I write as if from the memory of a dream. Bits and pieces of who I am and what I’ve experienced or longed for, forming parts of a whole. Fantasy made this easier. As a child of a country conquered three times over before it had the chance to know what it was, I told myself the things I couldn’t find, I could fill in.
Most fantasy writers don’t create worlds in a bubble. Many are inspired by real life—by a place we’ve visited or studied or have always been fascinated about. I started the world of Agos-agan to reconnect with my past. I wanted to transport patches of my memories of the country I had to leave, seen now through the eyes of an adult. I wanted to describe waves crashing against volcanic black sand, or sunlight dancing over golden grains of rice, or the clean, delicate smell of jasmine flowers. I wanted mythology steeped in the horrors of the aswang and the mysterious engkantos. I yearned for relationships I could connect with—rich webs of nosy neighbors and extended family and found family, communities that breathed as if they were one. It staunched the loneliness of immigration; through fantasy worldbuilding, I made the Philippines into a place I could visit anytime, unencumbered by reality and finances. Who knows when I would be back? But I could always close my eyes and be there in an instant. If I wrote every day, I could never leave again.
I turned to our precolonial history in the hopes of creating something as substantial as many of the historical-inspired epic fantasies out there, but without having to confront the colonization that took so much away. What should have been an exercise of celebration and discovery made my blood boil instead. It’s hard to ignore the glaring truth—as a country, the Philippines (a land of so many ethnicities and cultures) was united by colonization. Much of its history revolves around the fact that once upon a time, another came to displace what had been there before. Benevolent assimilation is insidious. Where other places have rich histories, with names and traditions that could fill libraries, ours was often reduced to a footnote. Much of our history was summed up in short paragraphs that forced me to swallow descriptions of my ancestors as barbarians and savages that needed to be civilized—quick, thoughtless words that I knew were used to justify what was done to them. No matter where I looked, the histories of our people were summarized by mere struggle, a tale as old as time: conquerors came and we fought and fought and in so many ways, we’re fighting still.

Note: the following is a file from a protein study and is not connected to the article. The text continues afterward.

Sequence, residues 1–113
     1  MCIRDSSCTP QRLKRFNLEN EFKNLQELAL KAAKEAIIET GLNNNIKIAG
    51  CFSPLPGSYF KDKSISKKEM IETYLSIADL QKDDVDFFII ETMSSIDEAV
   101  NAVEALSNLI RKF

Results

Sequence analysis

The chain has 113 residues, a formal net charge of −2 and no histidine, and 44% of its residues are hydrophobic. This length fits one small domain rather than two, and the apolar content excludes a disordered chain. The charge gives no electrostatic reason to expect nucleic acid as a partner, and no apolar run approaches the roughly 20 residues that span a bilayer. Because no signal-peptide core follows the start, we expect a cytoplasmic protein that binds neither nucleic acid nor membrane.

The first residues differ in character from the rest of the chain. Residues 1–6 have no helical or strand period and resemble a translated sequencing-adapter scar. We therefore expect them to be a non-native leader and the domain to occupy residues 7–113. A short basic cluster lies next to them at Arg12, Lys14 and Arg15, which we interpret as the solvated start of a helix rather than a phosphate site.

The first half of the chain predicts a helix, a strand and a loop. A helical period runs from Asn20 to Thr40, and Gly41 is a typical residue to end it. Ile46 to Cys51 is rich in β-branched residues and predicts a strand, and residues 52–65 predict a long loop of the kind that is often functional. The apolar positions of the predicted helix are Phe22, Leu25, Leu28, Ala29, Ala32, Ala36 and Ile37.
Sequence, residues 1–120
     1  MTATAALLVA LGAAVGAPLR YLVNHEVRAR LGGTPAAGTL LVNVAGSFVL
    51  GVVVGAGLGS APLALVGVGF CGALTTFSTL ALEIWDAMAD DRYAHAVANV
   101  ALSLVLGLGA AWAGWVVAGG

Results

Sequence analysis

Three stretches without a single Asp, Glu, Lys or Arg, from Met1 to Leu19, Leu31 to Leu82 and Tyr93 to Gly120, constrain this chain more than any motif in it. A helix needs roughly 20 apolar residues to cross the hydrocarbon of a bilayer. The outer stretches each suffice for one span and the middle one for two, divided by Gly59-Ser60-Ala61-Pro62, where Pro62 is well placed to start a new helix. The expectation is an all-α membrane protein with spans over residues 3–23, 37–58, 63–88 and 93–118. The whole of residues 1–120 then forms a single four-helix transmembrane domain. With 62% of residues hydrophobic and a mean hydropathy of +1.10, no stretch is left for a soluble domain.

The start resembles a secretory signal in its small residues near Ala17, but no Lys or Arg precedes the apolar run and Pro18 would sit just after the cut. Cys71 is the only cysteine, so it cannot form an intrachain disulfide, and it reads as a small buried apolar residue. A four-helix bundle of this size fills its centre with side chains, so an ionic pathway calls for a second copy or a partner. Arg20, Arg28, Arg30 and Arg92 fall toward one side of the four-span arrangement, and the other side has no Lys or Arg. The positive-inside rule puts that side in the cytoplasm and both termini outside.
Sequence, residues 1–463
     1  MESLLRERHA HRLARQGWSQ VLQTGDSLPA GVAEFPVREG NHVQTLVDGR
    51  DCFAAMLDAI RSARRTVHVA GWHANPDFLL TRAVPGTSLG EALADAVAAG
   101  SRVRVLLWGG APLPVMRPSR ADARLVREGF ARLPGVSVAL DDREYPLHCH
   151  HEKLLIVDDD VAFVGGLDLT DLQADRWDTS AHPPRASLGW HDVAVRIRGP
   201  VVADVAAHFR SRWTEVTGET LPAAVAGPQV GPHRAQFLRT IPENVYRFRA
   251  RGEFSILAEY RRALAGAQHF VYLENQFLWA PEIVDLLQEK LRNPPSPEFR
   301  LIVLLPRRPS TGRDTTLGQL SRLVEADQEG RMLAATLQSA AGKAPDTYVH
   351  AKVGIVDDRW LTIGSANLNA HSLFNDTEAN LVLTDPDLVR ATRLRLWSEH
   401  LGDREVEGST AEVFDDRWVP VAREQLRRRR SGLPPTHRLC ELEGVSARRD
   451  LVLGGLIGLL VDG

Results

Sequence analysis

The rest of the time, all I could see were blank spaces. I wanted to learn about my motherland—I wanted to read about customs and practices to give life to my work, because there was so much I didn’t know and people kept saying research could solve that. But what if that research is tainted by the colonizer’s gaze? What if to find the grain of truth, I had to sift through falsehoods and hypocrisies? What if I didn’t want to read those hurtful things anymore?
Even my own process is tainted. There I was, writing in the language of one of those conquerors; if I tried to use my mother’s tongue I would be staring at a blank page, unsure of how to write the sounds I can utter without thinking and make them mean anything. Too much lost, too much forgotten, too much history muddled by the colonizer’s meddling ways. “The father is the head of the household,” our English language Home Economics books in grade school would say, “which is why he is called padre de pamilya.” A phrase consisting mostly of Spanish loanwords, which is telling in itself. I pushed the history books away and began to read between the lines. Write what you know, the age-old wisdom said, and anyway, wasn’t I writing fantasy? I felt like fantasy, by its very definition, took away the rigid structure of a historical. I didn’t have to transport real life on the page. Don’t people get away with it all the time? They take what isn’t theirs, dress it up, claim they did their research, and leave it there. I did more: I wrote my observations, my people, my world, into fiction.
I wrote, for instance, of strong women.
“Maisog baya ang mga babai natun,” my cousin once told me with pride. Our women are strong, fearless. I was the youngest girl in our group of cousins, and I wouldn’t dare go up against any of them. Why do the books say the father leads the household? Why do some families insist on this, even when I can see the discontent stirring in their women’s eyes? In my family, was it not my mother, my aunts, who made decisions? Our men are strong, too (my dad hails from the same hometown as Simeon Ola, the last Philippine General who surrendered to the American forces), but I grew up knowing women ran the show. Even the sorrow of not having a matriarch, a grandmother to guide us, could be felt in ripples.